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Leave Vontaze Burfict alone!

Note from the author: the column you are about to read
was not easy for me to write. As an Arizona fan and alum I
die a little inside every time I defend anything related
to Arizona State, but my duty as a columnist pushed me to
this point. I’m sorry, Wilbur.

This has not been an easy week for Vontaze Burfict.

The Arizona State linebacker, regarded as one of the best
players in the country and a top NFL Draft pick whenever
he chooses to go pro, has been a constant target for

Doug Franz, Bruce Feldman, Mark May and Bob Davie all spoke this week about the
junior’s struggles, with the conversation ranging from his
falling draft stock to dumb penalties costing his team.

They’re all right. They’re all wrong.

On the season the linebacker has 36 tackles, four sacks,
one interception, a few passes defensed and a handful of
personal foul penalties. He’s been more role player than
star, just one member of a defense that has helped the Sun
Devils reach a 5-2 record and take a stranglehold of the
Pac-12 South.

But, as my
colleague Vince Marotta pointed out
, the player is
just not living up to the hype. That doesn’t make him a
bad player, just not the guy fans expected – or wanted.

Football, as we all know, is an emotional game. Burfict is
at his best when he’s playing mean, a terror opposing
offenses have to not only gameplan for, but be wary of
even after the whistle blows.

It’s why Sporting News named him the “meanest man in
college football” before the season and the entire package
– dumb penalties included – was good enough for most
people because even with his faults Burfict was just a
damn good football player.

But the emotion of seeing Burfict draw what were some
admittedly questionable flags in Oregon combined with the
thought of him underachieving has caused analysts and ASU
fans alike to turn on the player who, in all honesty, is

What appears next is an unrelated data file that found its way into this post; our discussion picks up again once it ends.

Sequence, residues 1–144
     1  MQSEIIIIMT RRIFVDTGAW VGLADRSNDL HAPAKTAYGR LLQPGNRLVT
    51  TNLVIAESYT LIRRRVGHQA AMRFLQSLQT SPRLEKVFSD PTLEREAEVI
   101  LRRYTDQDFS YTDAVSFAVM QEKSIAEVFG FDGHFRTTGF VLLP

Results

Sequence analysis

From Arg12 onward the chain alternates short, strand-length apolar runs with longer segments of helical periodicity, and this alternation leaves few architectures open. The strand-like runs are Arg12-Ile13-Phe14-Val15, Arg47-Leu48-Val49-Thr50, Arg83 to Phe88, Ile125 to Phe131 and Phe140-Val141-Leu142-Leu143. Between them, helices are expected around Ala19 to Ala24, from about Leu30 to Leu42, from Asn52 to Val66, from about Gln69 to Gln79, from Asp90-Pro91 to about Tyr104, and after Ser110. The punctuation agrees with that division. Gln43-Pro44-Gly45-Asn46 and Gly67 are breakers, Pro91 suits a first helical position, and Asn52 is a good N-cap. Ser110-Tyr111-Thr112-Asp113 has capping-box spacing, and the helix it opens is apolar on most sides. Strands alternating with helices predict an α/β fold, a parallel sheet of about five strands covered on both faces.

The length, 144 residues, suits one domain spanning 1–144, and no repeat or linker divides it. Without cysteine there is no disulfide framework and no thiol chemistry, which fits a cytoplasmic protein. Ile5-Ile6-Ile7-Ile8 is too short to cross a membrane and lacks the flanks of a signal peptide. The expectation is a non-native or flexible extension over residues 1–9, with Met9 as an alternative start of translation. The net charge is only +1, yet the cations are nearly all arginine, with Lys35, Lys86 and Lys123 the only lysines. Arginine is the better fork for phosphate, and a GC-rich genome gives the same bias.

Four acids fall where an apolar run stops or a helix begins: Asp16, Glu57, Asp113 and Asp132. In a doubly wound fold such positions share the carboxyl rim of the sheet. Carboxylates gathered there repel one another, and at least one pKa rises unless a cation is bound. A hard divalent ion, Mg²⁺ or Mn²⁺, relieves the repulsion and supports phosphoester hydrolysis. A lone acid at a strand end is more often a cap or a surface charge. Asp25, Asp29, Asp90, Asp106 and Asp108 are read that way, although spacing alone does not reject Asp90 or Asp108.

still the team’s best pro prospect.

Think about it: how many people, all of a sudden, are
touting QB Brock Osweiler as the next great NFL QB? Too
many, really. The junior has been solid, but not great.
He’s tossed 15 touchdown passes against eight
interceptions and completed 66 percent of his passes for
an average of 7.60 yards per attempt.

Osweiler’s QB rating is 142.8, which is good enough for
43rd in the country. His 15 touchdown passes tie him
for 18th and his eight picks are the seventh-most in FBS,
just behind such great passers as Denard Robinson and Sean

Does Osweiler have potential? Absolutely. Has he been
great this year? No, but it’s amazing what expectations
can do for one’s perception, seeing how most of the
conversations have praised the QB but trashed the team’s
stud linebacker.

Expectations can be a real, well, you know.

The good news for Burfict is that there are still seven
games left for the linebacker (yes, I’m assuming ASU
reaches the Pac-12 championship game and then a bowl game
after that) to step up his level of play and add to his
resume, and his team’s success should give him a little
leeway as far as what people really think of him this

Because, when you really get down to it, Burfict has gone
from being a great player on a lousy team to a decent
player (who has the ability to be great) on a good one.

Is that really worth criticizing?